Endangered Ocelot

This is Passport to Texas

Ocelots once roamed throughout Texas, Mexico, and into Arkansas and Louisiana. Jody Mays says today, only a few survive in the thick brush and shelters of the Lower Rio Grande Valley.

As far as we know, there less than 100 ocelots left in the United States. The ocelot’s range has disappeared, and now they only occur in the southern most tip of Texas, and that’s the only place in the whole United States that they occur.

Mays is a Wildlife Biologist at Laguna Atascosa Natural Wildlife Refuge. She explains reasons for the population decline.

Usually with an endangered species, you have multiple impacts that they get hit with. For the ocelot, the biggest one was the habitat loss. Some estimates say that over 95% of the native habitat in Texas has been altered. A lot of the thick habitats have been cleared for agriculture, and for development, and for other purposes. Another associated impact with that is habitat fragmentation, and that’s where, you say, have one large piece of thick habitat that gets cut up into smaller pieces that are farther and farther apart. Loss of genetic diversity is another big issue, and that’s as a result of this habitat loss and fragmentation.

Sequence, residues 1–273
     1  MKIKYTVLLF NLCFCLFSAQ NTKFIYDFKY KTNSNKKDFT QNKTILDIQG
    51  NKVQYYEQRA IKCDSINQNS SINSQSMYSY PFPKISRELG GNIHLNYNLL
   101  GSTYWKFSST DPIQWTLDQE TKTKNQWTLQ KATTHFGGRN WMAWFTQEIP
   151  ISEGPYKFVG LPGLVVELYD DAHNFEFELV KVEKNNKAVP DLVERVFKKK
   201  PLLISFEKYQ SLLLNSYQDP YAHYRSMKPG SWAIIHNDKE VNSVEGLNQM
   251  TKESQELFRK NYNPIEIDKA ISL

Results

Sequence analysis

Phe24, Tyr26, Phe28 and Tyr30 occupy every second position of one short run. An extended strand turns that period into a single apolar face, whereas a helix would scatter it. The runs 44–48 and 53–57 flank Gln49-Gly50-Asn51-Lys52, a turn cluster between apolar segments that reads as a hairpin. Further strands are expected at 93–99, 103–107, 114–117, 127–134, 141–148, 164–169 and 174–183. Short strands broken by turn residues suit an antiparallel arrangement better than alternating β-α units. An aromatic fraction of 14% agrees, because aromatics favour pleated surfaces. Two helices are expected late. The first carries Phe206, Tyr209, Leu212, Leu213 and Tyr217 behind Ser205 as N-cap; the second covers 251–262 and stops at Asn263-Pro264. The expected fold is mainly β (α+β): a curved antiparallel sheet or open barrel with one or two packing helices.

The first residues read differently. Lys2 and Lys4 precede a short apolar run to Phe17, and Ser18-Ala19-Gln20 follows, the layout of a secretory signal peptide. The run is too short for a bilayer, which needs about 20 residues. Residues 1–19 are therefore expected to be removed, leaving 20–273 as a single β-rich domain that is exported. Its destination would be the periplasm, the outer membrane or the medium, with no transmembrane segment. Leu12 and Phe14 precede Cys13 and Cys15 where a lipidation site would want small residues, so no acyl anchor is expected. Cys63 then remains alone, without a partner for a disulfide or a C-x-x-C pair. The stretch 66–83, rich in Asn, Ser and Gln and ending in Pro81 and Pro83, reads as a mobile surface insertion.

That’s our show for today…supported by the Wildlife Restoration Program… helping to fund the operations and management of more than 50 wildlife management areas…

For Texas Parks and Wildlife…I’m Cecilia Nasti.

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